Film Review: Hard Sell

This study of an impoverished student and a stripper teaming up to bilk his rich classmates feels like a 'Risky Business' rip-off, which doesn't make it any the less lousy.
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Hardy Buchanan (Skyler Gisondo) feels a misfit at his posh Long Island private school. He's a poor kid with an unstable, agoraphobic mother (Kristin Chenoweth) who's more attached to her dog, Walter, than anything else. Walter's in bad shape and requires an outrageously expensive operation, which Hardy manages to raise funds for with the help of Bo (Katrina Bowden), a beautiful blonde girl who wanders into his life, claiming to be—wonder of wonders—a stripper. She offers therapy—both sexual and mental—to now scholastic pimp Hardy's monied, horny classmates. Things seem to be finally going right for the lad, but then Bo's secret past surfaces, Mom gets even more bat-shit, and Walter goes to that big dog pound in the sky.

Oy! And double oy!! When was the last time any filmmaker used the sickly dog premise to fuel the plot? Actually, maybe no one was ever really that shameless, but the device feels as hoary as that one-or-more-parents-being-dead formula which 20th Century Fox used to employ to ensure guaranteed extra sympathy for their darling, dancing little cash cow, Shirley Temple. Writer-director Sean Nalaboff merely continues on this abysmally calculated and clueless path in Hard Sell, with exposition so tired and cloyingly sentimental that the viewer becomes too enervated to even groan in reaction. The device of having Bo show her breasts for money to panting school boys and then presenting this as some kind of empowerment because she also counsels their love lives (and eventually, seemingly, the entire student body) is beyond offensive. It all comes to a head with the school board calling Hardy on the carpet when they learn of his shenanigans. He is primed to give as good as he gets, and rails at the eternal non-comprehension of kids by their elders who, in his words, "abrogate" their responsibilities. He becomes even more sage-like, Yoda-esque, if you will, when he tells a suffering, weepy Bo, "You can't run away from family."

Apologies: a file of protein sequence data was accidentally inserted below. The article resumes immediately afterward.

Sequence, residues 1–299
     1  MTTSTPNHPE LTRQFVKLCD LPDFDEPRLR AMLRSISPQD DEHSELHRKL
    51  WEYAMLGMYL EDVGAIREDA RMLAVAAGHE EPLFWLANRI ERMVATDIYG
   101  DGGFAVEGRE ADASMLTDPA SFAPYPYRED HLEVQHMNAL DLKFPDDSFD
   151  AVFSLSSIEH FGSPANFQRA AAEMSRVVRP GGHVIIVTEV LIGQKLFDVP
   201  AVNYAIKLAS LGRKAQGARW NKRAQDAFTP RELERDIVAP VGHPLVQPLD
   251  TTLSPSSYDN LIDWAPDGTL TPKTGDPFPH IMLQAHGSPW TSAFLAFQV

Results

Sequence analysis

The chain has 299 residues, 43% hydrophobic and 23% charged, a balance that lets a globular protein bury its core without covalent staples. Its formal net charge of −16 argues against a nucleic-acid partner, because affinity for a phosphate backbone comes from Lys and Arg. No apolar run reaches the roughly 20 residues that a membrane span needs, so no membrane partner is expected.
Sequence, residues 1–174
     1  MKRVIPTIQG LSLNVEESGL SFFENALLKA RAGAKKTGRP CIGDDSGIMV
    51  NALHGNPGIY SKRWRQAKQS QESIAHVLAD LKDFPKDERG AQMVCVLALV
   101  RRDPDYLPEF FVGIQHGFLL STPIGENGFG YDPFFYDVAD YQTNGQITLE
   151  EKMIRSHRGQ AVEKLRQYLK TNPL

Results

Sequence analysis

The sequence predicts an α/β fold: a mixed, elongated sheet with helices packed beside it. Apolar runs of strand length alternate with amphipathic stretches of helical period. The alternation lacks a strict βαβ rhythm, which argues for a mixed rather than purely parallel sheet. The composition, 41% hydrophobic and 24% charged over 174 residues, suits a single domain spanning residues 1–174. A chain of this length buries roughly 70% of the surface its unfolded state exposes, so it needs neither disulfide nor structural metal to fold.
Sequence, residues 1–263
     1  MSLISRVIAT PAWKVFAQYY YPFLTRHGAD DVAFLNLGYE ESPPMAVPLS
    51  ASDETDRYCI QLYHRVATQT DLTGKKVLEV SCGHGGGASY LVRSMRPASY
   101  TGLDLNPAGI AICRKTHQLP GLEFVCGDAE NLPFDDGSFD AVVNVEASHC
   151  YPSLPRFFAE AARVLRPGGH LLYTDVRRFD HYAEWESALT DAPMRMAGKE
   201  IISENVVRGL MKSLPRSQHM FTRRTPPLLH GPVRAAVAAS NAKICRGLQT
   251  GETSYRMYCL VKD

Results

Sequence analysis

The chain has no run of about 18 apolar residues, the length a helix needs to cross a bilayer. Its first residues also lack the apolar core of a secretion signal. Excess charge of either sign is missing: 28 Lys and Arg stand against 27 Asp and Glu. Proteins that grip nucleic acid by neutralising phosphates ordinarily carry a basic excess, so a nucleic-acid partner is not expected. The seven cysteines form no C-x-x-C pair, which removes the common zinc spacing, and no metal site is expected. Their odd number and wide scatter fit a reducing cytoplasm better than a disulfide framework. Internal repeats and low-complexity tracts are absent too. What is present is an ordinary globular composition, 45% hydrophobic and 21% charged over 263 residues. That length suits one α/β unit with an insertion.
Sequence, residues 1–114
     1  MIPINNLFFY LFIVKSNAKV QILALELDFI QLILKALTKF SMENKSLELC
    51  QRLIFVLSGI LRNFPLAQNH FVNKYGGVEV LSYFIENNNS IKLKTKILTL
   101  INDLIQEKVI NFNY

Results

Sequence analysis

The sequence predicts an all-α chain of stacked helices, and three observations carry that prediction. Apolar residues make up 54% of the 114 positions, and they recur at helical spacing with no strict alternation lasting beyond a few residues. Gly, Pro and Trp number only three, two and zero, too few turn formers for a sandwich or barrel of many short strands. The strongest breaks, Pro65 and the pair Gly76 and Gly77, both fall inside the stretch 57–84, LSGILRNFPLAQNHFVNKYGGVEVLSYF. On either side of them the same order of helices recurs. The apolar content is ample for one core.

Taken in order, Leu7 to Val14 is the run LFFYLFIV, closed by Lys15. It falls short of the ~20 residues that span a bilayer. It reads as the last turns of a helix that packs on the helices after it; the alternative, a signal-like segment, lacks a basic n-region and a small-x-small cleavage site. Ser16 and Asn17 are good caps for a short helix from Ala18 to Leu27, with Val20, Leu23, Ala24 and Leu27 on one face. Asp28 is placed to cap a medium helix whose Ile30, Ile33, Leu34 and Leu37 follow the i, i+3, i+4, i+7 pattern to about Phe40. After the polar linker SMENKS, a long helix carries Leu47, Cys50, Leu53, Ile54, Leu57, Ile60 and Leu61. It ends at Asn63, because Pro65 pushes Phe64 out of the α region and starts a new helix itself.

Gisondo's Hardy harks back to that kid in Herb Gardner's A Thousand Clowns and every other gabbily precocious showbiz adolescent who ever behaved and talked like a 70-year-old Catskills comedian. (It's a character gimmick that refuses to die.) He's more aggressively pugnacious than truly charming or funny, and it's difficult to work up much sympathy for him. A game Bowden tries to instill some recognizable human qualities into the cardboard outline of a character she's been handed and, sadly, doesn't get very far. Chenoweth is something of a living legend on the Broadway stage for the rambunctious musical gifts that have brought joy to generations of fans, but has never really connected on the big screen. It's unfortunately the same story here, given the shallow shoddiness of Nabaloff's take on mental illness. She attempts to flavor her scenes with a devil-may-care, decidedly anti-maternal and ubiquitously inappropriate humor, but it all comes off as very forced. Your mind wanders to thoughts of "Well, her hair is pretty unkempt, as befits a wacked-out, stay-at-home mom, but—gosh!—her makeup is perfect, red carpet-ready!"

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